Book Cover Design: Why Strong Imagery is Crucial

POSTED ON Mar 28, 2024

Shannon Clark

Written by Shannon Clark

Home > Blog > Book Design > Book Cover Design: Why Strong Imagery is Crucial

What makes a book grab a reader’s attention at first glance?

  1. The story?
  2. The author?
  3. The blurb?

While these choices can nudge a buyer to make a purchase, it’s a fourth option that stops a reader from scrolling mindlessly through a retailer’s search results: the book’s cover design

There’s a reason why art museums draw millions of people annually. We love stories, and art, whether hanging on a museum wall or displayed on the cover of a book, invites us to peel back the layers and unveil what’s hidden beneath.

A great cover is more than a genre-aligned image. Although readers look for specific elements on a cover in their genre of choice, getting those elements right is only the starting point. Even those rules can be broken if you know what you’re doing. 

book cover design - The Night Ocean by Paul La Farge

How Do You Design a Book Cover?

Great covers create a visceral response—something that connects with us on a deeper level and begs to be explored.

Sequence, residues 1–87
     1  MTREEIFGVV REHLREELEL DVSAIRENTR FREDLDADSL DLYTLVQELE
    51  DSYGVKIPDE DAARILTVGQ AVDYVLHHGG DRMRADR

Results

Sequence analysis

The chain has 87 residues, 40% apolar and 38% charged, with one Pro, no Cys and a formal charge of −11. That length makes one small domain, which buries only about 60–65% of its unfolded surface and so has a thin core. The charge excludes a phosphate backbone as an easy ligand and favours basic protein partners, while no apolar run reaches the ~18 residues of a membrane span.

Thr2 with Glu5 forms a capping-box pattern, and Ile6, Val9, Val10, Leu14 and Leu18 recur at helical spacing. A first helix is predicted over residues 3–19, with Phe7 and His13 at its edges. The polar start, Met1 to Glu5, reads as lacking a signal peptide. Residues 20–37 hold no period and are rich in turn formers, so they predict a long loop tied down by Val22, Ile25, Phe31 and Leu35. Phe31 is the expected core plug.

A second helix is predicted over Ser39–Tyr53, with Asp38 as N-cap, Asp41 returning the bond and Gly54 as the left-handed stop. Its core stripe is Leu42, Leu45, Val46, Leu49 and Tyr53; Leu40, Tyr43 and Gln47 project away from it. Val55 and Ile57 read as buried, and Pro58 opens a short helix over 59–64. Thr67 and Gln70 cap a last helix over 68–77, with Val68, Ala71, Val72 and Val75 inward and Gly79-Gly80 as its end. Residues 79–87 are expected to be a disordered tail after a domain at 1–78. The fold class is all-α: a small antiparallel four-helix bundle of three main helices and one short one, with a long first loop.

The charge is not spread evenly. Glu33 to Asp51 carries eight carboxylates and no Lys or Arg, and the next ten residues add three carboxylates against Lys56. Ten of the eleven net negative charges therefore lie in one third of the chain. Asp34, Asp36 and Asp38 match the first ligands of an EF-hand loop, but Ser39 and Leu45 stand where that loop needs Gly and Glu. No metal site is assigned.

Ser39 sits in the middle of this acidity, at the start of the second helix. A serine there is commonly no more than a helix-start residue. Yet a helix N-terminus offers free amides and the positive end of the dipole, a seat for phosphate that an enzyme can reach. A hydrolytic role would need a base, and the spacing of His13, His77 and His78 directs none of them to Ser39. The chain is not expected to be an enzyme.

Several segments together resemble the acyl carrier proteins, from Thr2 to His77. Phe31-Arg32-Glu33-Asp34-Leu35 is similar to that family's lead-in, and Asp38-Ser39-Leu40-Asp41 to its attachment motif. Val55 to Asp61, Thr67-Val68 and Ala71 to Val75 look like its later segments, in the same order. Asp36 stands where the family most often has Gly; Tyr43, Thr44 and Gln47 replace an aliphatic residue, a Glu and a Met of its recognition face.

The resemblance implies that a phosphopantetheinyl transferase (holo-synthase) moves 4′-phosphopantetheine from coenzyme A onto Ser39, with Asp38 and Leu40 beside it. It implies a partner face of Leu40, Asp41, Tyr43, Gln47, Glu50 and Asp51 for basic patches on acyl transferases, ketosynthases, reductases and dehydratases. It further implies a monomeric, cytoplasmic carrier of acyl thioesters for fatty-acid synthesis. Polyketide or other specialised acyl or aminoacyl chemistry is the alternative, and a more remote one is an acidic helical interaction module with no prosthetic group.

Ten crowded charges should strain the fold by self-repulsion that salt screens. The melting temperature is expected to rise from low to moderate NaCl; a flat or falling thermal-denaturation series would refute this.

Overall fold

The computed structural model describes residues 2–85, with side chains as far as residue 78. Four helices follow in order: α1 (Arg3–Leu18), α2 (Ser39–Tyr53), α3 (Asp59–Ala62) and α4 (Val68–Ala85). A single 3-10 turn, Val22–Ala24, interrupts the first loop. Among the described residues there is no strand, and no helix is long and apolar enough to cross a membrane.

So, what does that look like in the design process? How can we create book covers that connect with potential readers and move them to an action (e.g. look at the back cover, read a sample, buy the book)? 

You’ll find unique book covers peppered throughout this article for your consideration. What’s your first impression? Do you tilt your head to the side and think, “Hmm?” 

The best covers make us pause, even if it’s for a brief moment to consider:

  • “What does this cover mean?”
  • “Why did they use this image?”
  • “I wonder if the story is interesting.” 
  • “I don’t like it.”
  • “Wow!”

There’s more to a great book cover design than a pretty picture. As we talk about book cover design, we’ll explore the different ways covers can draw readers in through imagery. 

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The Psychology Behind Engaging Covers

To explore the psychology behind engaging book cover design, let’s reframe how we look at book covers. 

Books are products of our author brands—the associated colors, design, and features that differentiate us from other authors.  Just as General Mills has cereal, McDonald’s has fries, and Starbucks has coffee, authors have their books.

The products (books) we create will fit into one of three categories:

  • generic – nothing remarkable, just the basics
  • imitations of other brands – cookie cutter with little differentiation from others.